2

I moved to a house built in 1995 and want to update the disposal connection, but found some conflicting rules that I don't know how best to comply with.

The existing connection is a 14-2 NM cable run through the middle of the sink cabinet. Many years of the faucet sprayer hose rubbing against the cable is evident.

If I could bring that cable back to a surface-mount receptacle on the back of the cabinet, that would seem more safe. I realize the latest NEC requires new kitchen receptacles to have AFCI protection. So I checked inside the panelboard. I found the disposal is part of a MWBC with the dishwasher.

According to Siemens, their single pole AFCI breakers are not appropriate for a MWBC. I could buy the 2-pole AFCI breaker, but this raises many more questions.

The latest NEC also requires GFCI for dishwashers, and I'm concerned I would be breaking rules by doing anything to the original dishwasher circuit breaker. There doesn't seem to be a 2-pole dual function circuit breaker available for this situation.

It looks like there are rules preventing me from using an AFCI type receptacle, because the disposal is switched and not on a continuous run.

Is there a simple way to add this disposal receptacle in compliance with 2020 NEC?

Edit: I've learned the disposal switch box is the first box on the MWBC, has 2 switches and 4 other cables connected. Adding a blank face GFCI for the dishwasher and a duplex switch is possible, but is it required?

6
  • 1
    Is the dishwasher hardwired or does it, too, plug into a receptacle? Where does the dishwasher connect to the circuit at? – ThreePhaseEel Jun 13 at 19:19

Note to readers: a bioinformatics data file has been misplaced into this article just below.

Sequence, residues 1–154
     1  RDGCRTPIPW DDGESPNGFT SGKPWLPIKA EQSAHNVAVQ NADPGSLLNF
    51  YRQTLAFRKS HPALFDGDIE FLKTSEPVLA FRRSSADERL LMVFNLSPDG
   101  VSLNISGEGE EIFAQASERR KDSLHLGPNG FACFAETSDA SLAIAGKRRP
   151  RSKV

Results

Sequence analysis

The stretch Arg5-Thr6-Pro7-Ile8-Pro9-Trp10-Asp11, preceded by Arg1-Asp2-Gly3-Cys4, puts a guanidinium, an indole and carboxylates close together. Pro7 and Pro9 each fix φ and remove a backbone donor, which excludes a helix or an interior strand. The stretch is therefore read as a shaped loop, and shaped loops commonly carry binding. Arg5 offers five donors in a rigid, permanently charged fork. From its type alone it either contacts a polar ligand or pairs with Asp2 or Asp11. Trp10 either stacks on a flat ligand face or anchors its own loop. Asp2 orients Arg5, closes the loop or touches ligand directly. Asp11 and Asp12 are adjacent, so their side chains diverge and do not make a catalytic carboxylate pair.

• You said "I could buy the 2-pole AFCI breaker, but this raises many more questions." Since this is the only way to (probably unnecessarily) bring the whole circuit up to current code what are those questions? (Beside needing a q215afc and not a q215afcn since 1995 wouldn't be P.O.N.) – NoSparksPlease Jun 14 at 0:19
  • I need to know if it's legal to connect the dishwasher to a new circuit breaker if it's not dual function? Does that violate NEC 422(A)(7) ? – Robert Chapin Jun 14 at 1:46
  • I've edited the question. Any new thoughts or answers? @ThreePhaseEel – Robert Chapin Jun 19 at 18:44
  • How big is said disposal switch box, and are all the cables coming in /2, or are there any /3 cables in that box? – ThreePhaseEel Jun 19 at 19:37
2

I'd just go with the blank face GFCI + duplex switch approach

The simplest and cheapest way to handle this for the foreseeable future would be to put a 2-pole AFCI breaker in at the panel, then rearrange the disposal switch box to use a duplex switch (2 switches on the same yoke) beside a deadfront (sometimes called blank face) GFCI for the dishwasher. This puts the dishwasher GFCI in a convenient place if it ever trips, and works around the issue with the lack of 2-pole DFCI breakers without requiring the replacement of the homerun cable.

1
  • I was hoping to avoid the duplex switch for cosmetic reasons. But if the GFCI update is required then I think it's the only option. – Robert Chapin Jun 22 at 21:08
1

The work that you are not disturbing should be grandfathered.

That means it only needs to meet Code for the day the permit was issued.

Since AFCI is primarily to protect the wiring in the walls, I don't see a point to an AFCI receptacle. Though, it would protect a flexible cable that is being chafed.

1
  • I get that's grandfathered as-is, but clearly unsafe and I want to eliminate the exposed work. – Robert Chapin Jun 13 at 21:05
0

It looks like the NEC never anticipated unavailability of dual function circuit breakers for MWBCs.

While 406.4(D)(3) addresses replacement of receptacles requiring GFCI, there is no mention of updating hardwired appliances or of replacement of circuit breakers.

I think this means it's simply not feasible to add GFCI protection in this situation without modifying the dishwasher circuit. So replacing the old circuit breakers with a 2-pole AFCI seems reasonable.

Your Answer

By clicking “Post Your Answer”, you agree to our terms of service, privacy policy and cookie policy

Not the answer you're looking for? Browse other questions tagged or ask your own question.